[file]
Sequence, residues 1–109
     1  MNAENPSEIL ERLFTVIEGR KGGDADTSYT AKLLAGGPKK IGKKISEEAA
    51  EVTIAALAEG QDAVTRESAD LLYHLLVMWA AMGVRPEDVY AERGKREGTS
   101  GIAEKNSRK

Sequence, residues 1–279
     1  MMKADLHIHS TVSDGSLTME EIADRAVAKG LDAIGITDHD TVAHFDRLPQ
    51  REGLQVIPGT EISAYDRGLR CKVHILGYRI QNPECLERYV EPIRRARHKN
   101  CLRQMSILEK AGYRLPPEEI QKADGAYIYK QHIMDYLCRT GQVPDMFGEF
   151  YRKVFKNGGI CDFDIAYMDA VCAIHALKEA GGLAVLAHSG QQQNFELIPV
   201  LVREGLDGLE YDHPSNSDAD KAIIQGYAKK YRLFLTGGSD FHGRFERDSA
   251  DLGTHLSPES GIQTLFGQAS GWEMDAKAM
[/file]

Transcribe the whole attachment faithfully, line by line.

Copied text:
Sequence, residues 1–109
     1  MNAENPSEIL ERLFTVIEGR KGGDADTSYT AKLLAGGPKK IGKKISEEAA
    51  EVTIAALAEG QDAVTRESAD LLYHLLVMWA AMGVRPEDVY AERGKREGTS
   101  GIAEKNSRK

Sequence, residues 1–279
     1  MMKADLHIHS TVSDGSLTME EIADRAVAKG LDAIGITDHD TVAHFDRLPQ
    51  REGLQVIPGT EISAYDRGLR CKVHILGYRI QNPECLERYV EPIRRARHKN
   101  CLRQMSILEK AGYRLPPEEI QKADGAYIYK QHIMDYLCRT GQVPDMFGEF
   151  YRKVFKNGGI CDFDIAYMDA VCAIHALKEA GGLAVLAHSG QQQNFELIPV
   201  LVREGLDGLE YDHPSNSDAD KAIIQGYAKK YRLFLTGGSD FHGRFERDSA
   251  DLGTHLSPES GIQTLFGQAS GWEMDAKAM